So you’ve chosen (or have a good idea) which feature you’d like for your garden and now want to figure out where it should go. Or maybe you’re undecided and would rather choose a suitable spot first before making that decision. Don’t worry, either which way is fine, we all work differently and this is about you and your garden, so it’s good to make the design decision very much your own, starting with the planning process itself.
It might be that you’ve been inspired by a TV gardening show or a display seen at a show or online. Maybe it was a visit to a country estate that first whet your interest in water features, certainly such prestigious piles used to host a feature or several, as doing so signified status and wealth. Nowadays, you’re just as likely to pick up ideas from a friend or neighbour, as through modern technology and more accessibly priced materials, we can all tap into the many rich benefits of incorporating a pond, fountain or water wall into our back gardens. There’s a welcome and beneficial place for a water feature (or two) wherever we happen to live and however we like to use our precious outside space.
Are you looking to redesign your whole garden, or just to add a feature within your existing layout? This is the first, most important consideration along with the practicalities of positioning such as: is there an outdoor plug socket nearby, and if you plan to position the feature reservoir underground, then are you sure it’s a safe place to dig? The section on safety below explains this in more detail.
If it’s a complete makeover you’re after, then it’s worth considering using a water feature as a central focus and drawing plans with this in mind. For example, planning seating areas nearby, all the better to enjoy the view, and pathways positioned to lead to and from the display in all its glory will help reinforce its place at the centre of your garden universe.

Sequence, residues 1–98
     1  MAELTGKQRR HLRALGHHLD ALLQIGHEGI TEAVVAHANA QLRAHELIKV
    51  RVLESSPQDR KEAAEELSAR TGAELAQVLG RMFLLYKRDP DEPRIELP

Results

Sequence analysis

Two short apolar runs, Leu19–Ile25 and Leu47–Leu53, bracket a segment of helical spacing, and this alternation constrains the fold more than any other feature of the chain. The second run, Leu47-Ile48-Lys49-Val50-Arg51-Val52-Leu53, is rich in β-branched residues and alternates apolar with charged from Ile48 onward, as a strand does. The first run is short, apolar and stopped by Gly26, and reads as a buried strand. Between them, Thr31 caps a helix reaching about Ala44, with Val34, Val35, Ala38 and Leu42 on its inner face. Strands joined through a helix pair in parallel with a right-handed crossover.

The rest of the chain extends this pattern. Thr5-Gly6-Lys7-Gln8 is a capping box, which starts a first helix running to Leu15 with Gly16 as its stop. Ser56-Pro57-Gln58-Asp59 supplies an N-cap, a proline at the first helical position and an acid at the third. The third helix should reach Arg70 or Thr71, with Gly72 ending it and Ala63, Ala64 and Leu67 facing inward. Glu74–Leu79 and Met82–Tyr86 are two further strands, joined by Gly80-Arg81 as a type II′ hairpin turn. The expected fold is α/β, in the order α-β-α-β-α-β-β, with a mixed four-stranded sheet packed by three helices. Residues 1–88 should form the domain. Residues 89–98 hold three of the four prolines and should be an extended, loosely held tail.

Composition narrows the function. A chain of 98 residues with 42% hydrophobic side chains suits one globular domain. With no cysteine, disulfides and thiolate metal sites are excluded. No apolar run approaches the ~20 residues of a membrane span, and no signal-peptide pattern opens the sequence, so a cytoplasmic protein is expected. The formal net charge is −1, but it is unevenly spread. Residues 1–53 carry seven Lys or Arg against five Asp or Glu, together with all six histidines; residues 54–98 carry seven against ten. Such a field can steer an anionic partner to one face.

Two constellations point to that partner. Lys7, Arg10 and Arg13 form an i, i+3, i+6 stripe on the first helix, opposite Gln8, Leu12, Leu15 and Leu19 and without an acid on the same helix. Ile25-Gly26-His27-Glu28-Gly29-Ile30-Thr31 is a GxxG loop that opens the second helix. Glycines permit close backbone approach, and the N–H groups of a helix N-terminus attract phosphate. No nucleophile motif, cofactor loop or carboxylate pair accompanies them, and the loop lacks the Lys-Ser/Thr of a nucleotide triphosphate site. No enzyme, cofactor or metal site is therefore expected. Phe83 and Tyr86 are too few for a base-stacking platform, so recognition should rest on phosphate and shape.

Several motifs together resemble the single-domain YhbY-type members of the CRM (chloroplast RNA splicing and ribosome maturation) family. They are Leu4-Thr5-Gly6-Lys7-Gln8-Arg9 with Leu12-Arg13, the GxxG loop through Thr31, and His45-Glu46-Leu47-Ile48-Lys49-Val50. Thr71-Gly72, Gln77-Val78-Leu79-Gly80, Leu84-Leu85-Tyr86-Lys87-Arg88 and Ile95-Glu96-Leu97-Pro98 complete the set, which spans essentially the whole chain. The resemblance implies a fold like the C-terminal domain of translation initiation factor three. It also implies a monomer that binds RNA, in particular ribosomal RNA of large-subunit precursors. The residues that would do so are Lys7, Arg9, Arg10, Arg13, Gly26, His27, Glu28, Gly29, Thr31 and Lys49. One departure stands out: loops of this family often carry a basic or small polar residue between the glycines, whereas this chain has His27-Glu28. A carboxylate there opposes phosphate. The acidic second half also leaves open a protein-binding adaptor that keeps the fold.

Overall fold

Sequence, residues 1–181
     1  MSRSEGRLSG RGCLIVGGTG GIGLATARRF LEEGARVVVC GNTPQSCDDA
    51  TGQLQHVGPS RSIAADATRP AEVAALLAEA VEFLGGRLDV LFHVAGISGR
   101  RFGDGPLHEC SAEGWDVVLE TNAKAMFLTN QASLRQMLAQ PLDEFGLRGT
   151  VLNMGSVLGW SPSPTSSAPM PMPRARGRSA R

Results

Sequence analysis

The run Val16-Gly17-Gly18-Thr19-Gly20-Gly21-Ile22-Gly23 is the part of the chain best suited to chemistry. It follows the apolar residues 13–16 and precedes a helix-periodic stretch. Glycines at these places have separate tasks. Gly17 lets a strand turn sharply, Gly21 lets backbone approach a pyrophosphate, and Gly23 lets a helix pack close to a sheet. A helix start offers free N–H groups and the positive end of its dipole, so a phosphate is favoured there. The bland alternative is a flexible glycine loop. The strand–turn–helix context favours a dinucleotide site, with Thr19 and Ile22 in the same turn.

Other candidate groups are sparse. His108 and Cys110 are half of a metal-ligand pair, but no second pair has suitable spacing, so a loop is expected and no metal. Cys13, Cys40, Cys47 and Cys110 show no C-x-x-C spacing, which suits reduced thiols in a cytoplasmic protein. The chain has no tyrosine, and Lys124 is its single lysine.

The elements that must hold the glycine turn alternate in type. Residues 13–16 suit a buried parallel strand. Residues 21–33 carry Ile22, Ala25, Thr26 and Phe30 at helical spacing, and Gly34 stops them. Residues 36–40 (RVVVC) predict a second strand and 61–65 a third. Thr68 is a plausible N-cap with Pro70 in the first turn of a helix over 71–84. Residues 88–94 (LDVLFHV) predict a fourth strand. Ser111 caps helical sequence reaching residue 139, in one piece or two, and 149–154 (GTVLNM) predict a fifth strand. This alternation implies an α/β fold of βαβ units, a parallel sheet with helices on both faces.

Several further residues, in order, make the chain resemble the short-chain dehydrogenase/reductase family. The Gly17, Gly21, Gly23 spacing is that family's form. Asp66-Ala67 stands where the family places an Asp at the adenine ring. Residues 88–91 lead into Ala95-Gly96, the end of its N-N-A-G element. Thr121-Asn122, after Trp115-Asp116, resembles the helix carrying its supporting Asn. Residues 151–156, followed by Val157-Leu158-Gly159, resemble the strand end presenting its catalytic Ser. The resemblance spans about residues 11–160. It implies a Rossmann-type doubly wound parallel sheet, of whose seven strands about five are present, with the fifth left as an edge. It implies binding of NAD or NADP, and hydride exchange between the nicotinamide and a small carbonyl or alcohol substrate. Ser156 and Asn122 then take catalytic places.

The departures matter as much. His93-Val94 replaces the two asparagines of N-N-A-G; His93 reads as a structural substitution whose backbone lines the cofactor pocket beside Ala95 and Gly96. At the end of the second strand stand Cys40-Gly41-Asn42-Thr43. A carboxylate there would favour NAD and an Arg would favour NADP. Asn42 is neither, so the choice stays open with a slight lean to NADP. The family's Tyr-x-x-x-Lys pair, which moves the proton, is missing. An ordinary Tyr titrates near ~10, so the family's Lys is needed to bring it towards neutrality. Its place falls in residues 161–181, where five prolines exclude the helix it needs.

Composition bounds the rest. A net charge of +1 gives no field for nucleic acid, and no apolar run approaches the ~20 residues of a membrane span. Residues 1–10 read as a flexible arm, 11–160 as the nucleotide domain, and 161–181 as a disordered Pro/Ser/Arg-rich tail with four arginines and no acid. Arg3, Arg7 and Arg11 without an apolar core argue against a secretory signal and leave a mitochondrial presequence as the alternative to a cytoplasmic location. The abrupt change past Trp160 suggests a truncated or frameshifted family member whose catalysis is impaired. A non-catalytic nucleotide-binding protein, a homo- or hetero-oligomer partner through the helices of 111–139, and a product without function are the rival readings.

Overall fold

With additional LED lighting, it’s often the case that a feature can be enjoyed from various angles come day or night, including from inside the house itself.
In this case, it’s worth walking around your garden and considering how you use it now, before thinking about where your new structure should go. There’s little to be gained from placing something so potentially beneficial in a rarely visited part of your garden unless it’s a birdbath which is more likely to be used by said feathered friends in a quieter corner. Otherwise, near existing seating, closer to the house, is often a popular choice. Of course seating can easily be moved about but most likely you already have it placed in the best spot. This is why working around what you already have makes a lot of sense so you can fully enjoy the hugely relaxing and entertaining benefits that a little piece of garden oasis is guaranteed to bring.
As the previous chapter on solar vs mains electricity outlined, an outside power source isn’t always essential. It also partly depends on the type of feature you’d like and how you plan to use it realistically as to whether a solar-powered option would work for you. If you do require mains input then a waterproof outside plug socket is likely to be necessary. If you don’t already have one then an electrician will be able to install one for you suitably near to your chosen spot. However, the further away from the house that happens to be, the more work that this will most likely entail. This is why a lot of people have their features close to home, which also has the added benefit of enabling them to enjoy the visual spectacle from inside as well as out.
Equally important to bear in mind is that if any digging is required in the installation of your feature, you’ll need to first check where any underground drains or electrical cables might be and make sure you dig away from them. If you’re not sure then it’s worth contacting your local service providers to check. Again, this often makes nearer the house a better option.
The important thing when you decide where to install your water feature is power supply. Whether it’s a mains powered water feature with wiring to consider, or if it’s a solar water feature which requires direct sunlight, you need to think about it.”
If you are using planting
If your feature will incorporate plants, either within (such as a pond in a bowl) or surrounding then a sunny spot will be necessary to enable the plants to prosper and grow.
Avoid overhanging trees